Saturday, April 24, 2010

But We have a Problem...

Arizona is trying to save itself. On Friday Gov. Jan Brewer of Arizona signed the nation’s toughest bill on illegal immigration into law. On the surface it may ring of police state tactics, but is it really? Drastic times call for drastic measures. Arizona is in trouble. Kidnapping, murder and drug running in the American southwest has dramatically escalated since the relaxing of immigration policies through the 80's and 90's.

President Bush's feeble attempts at border security late in his term did little to stem the tide of illegal immigration. Politically correct re-naming of these law breakers as undocumented workers didn't change the fact that an invasion was taking place. The only thing that has had any effect was the tanking of the American economy - jobs have dried up for low wage Mexicans as well. This is most likely temporary, unless a robust economy never returns.

From a New York Times article:
Hispanics, in particular, railed against the law as a recipe for racial and ethnic profiling. “Governor Brewer caved to the radical fringe,” a statement by the Mexican American Legal Defense and Educational Fund said, predicting that the law would create “a spiral of pervasive fear, community distrust, increased crime and costly litigation, with nationwide repercussions.”

I take exception with the notion of a radical fringe. I think even naturalized Mexican's who went through the trouble of following American laws to become citizens are in favor of tough immigration enforcement. This law is a natural reaction to politically correct mayors and police chiefs across the nation issuing policies not to aide ICE and other Federal agencies in enforcing Federal immigration laws. These proclamations are an open invitation for Latin America to invade American cities. This means of course Arizona, Texas, New Mexico and California being the points of entry are being overrun. With their hands tied by these lax policies local law enforcement is over-matched. This law seems to me to be a leveling of the playing field. It isn't perfect - nothing is.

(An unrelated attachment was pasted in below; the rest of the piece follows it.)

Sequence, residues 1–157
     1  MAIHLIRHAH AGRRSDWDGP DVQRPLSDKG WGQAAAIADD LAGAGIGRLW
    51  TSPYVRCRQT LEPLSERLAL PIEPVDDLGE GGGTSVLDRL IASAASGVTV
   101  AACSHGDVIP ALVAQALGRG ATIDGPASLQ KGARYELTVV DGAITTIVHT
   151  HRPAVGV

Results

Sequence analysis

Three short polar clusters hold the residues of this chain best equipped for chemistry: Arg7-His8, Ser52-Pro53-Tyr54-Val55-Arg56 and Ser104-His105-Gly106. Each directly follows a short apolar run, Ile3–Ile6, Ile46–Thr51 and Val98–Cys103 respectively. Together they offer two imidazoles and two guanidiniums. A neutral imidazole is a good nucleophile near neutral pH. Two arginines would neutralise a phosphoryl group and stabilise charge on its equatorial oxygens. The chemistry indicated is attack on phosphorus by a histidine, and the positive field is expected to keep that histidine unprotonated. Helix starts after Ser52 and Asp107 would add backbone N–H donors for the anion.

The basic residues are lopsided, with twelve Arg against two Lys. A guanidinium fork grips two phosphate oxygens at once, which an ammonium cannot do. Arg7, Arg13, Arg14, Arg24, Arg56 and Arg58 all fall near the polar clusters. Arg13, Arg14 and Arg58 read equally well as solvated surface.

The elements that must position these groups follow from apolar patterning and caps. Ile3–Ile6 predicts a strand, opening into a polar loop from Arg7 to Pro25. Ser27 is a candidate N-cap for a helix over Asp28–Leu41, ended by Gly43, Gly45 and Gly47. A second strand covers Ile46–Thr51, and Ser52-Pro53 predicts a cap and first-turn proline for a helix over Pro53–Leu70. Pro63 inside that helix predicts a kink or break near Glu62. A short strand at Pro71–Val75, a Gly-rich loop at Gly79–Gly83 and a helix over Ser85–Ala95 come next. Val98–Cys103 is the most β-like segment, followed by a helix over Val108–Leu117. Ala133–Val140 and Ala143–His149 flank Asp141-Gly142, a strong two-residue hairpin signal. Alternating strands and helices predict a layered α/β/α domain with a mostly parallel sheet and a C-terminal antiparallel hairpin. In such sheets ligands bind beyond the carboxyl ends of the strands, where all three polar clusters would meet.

On Friday a few hundred demonstrators gathered, mostly peacefully, at the Arizona capitol plaza, the governor, speaking at a state building a few miles away, explained that the law “represents another tool for our state to use as we work to solve a crisis we did not create and the federal government has refused to fix.”

Truer words were never spoken. The political will in Washington DC does not exist to address this very real and serious problem. Conventional wisdom says that Republicans gladly give lip service to tougher enforcement, but actually prefer to look the other way while business reaps the benefit of cheap labor. Democrats dress the problem in flowery rhetoric but their ultimate goal of a new and permanent welfare dependent voting bloc is painfully transparent to thinking people. I think it indicates that the border states have a greater exposure to the problems caused by the invasion than those cloistered in Washington do. In Arizona John McCain's reelection bid may even hinge on the degree of urgency to which Arizonans place on this issue. McCain is clearly part of the DC mentality - we'll see how that plays out in Arizona.

The new Arizona law may not withstand challenges, but at least it is a signal to the nation that a breaking point is being reached. It only goes to heighten the urgency some of us feel to stop cold the Obama administration's goals on immigration (see above paragraph).



TJ Willms said...

A "Radical fringe" comprising some 70% of the state of Arizona. Only the New York times would view it as such.